Here's a couple of pics I snapped at the beginning stages through the shaping process of a Kneeboard for my friend Chris. I've had to make a couple of custom kneeboards this year which has thrown me outside my comfort zone (because I don't ride kneeboards and hence don't have that inherent understanding I have for the boards I ride regularly). But I found the process an interesting one nonetheless, and rewarding.
The Shaping process requires a lot of thinking... particularly if your shaping a custom board for a specific purpose, and it's a style of board you don't often make. I thought I'd share some of the thought processes which went into the kneeboard.
The top left pic shows Chris's current kneeboard (my father shaped it for him a few years back) but he wanted a bit more length and volume for paddle power and was intending to ride it when the waves got a little bigger and more hollow. The first step was to template his original board which I used to create his new outline. I didn't want to deviate too far from the board he had been riding and was happy with.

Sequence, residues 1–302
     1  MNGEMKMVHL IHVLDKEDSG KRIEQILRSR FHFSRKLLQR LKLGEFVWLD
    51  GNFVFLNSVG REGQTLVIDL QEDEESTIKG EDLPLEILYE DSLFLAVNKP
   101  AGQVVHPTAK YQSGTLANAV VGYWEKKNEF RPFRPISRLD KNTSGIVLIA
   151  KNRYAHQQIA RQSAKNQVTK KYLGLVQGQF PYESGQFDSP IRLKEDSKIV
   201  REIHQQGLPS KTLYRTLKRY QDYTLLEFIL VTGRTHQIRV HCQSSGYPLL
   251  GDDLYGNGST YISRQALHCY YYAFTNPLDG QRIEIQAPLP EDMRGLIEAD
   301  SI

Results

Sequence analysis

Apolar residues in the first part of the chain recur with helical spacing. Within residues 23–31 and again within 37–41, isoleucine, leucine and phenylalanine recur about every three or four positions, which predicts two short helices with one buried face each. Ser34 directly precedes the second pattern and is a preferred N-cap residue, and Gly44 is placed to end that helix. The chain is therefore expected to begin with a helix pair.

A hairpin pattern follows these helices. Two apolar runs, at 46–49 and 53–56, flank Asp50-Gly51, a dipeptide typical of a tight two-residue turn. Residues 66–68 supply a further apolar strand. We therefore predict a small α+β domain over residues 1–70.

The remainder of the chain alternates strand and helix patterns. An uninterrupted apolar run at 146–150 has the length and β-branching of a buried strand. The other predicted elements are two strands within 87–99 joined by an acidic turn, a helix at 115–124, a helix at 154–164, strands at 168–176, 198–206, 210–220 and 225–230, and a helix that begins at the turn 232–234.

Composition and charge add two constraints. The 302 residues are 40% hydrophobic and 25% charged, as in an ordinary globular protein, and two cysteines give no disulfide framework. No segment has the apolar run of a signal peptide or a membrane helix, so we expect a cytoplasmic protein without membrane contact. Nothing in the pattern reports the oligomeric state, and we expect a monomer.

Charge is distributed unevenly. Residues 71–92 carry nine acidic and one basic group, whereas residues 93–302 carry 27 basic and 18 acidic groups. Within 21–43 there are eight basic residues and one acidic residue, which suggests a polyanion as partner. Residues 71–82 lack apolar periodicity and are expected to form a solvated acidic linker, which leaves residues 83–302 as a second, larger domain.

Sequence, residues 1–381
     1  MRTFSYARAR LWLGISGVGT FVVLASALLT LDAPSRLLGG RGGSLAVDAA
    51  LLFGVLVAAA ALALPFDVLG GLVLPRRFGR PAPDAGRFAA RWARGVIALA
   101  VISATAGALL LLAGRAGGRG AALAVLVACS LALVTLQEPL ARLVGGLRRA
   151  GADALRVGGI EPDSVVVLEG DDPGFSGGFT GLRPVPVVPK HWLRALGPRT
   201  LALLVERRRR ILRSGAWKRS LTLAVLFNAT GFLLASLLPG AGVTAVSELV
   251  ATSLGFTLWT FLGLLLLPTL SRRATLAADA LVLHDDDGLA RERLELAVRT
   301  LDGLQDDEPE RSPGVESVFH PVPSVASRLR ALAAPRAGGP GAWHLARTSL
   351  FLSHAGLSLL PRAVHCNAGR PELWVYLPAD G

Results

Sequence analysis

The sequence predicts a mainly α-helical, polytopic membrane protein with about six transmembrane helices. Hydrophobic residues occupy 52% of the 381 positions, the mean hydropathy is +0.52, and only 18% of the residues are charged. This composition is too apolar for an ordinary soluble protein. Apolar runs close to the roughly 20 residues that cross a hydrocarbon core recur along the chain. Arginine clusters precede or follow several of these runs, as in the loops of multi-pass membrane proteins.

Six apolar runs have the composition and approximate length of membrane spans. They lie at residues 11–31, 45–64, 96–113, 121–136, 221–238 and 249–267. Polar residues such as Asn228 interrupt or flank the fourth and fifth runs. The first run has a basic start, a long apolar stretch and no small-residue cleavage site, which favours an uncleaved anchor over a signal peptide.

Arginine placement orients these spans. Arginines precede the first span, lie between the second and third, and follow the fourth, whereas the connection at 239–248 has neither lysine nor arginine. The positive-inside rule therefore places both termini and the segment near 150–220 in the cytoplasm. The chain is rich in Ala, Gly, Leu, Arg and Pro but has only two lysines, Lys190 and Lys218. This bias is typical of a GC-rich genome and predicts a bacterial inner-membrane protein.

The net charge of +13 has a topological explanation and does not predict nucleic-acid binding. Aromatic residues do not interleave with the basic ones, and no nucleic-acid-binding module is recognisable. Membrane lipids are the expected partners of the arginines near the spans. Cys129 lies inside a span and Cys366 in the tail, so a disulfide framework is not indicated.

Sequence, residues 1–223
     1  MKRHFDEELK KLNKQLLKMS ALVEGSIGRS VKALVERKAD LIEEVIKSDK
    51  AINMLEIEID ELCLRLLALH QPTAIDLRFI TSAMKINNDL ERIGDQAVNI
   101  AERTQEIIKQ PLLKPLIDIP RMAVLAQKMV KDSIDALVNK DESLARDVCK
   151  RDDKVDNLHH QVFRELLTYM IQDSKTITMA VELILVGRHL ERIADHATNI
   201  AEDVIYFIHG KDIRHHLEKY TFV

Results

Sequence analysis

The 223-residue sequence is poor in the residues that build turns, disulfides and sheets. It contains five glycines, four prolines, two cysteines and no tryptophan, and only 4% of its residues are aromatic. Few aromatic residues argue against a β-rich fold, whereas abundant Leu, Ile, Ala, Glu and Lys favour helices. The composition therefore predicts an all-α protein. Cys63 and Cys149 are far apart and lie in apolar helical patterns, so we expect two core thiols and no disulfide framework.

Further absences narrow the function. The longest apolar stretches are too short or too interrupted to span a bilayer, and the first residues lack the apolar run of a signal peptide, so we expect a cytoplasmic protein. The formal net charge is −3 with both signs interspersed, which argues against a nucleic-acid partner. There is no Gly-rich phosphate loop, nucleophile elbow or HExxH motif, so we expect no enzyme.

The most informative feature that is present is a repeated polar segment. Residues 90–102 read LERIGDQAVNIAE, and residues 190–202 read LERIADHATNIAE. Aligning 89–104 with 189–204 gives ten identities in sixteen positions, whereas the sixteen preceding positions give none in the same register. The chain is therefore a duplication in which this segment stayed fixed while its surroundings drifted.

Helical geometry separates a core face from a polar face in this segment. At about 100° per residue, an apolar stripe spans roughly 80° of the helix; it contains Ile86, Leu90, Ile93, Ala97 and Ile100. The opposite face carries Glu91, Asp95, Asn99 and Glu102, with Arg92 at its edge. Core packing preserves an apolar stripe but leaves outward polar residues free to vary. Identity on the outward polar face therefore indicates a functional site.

Next I roughed the rocker in... taking into account the extra length and the more powerful waves Chris will be riding. I'm actually hampered a little with the blank I'm using but get the maximum nose rocker the blank will allow. Next step the bottom contours go in - I decide to keep them similar to his original board. Single concave the whole way with a defined chine in the front third of the board. Hopefully this will help allow an easy transition from old board to new. Then flip the board over and make sure my centre, 12" and 24" points are the correct thickness (same as original board), roll the deck, and then its time to turn the rails.
If I'm going to get held up time-wise, more often than not its on the rails. And it happenned again with Chris's board. It's important to get the rails right... both the volume and shape, it relates to how your board is going to feel through turns, how much force you will need to apply, whether it's releasing, or to what degree its holding the water (suction). Chris wanted more volume through his rail, but I didn't want it to feel too 'clunky'. So I endeavored to get a rail with more shoulder on it than his last board (more volume) but with a similar apex shape (to retain a measure of sensitivity). Dad has a heap of rail templates in has Shaping Bay so I borrowed a few to use as reference points between the old and new rail and help maintain accuracy.
All up I spent a day and half templating and shaping Chris's Kneeboard.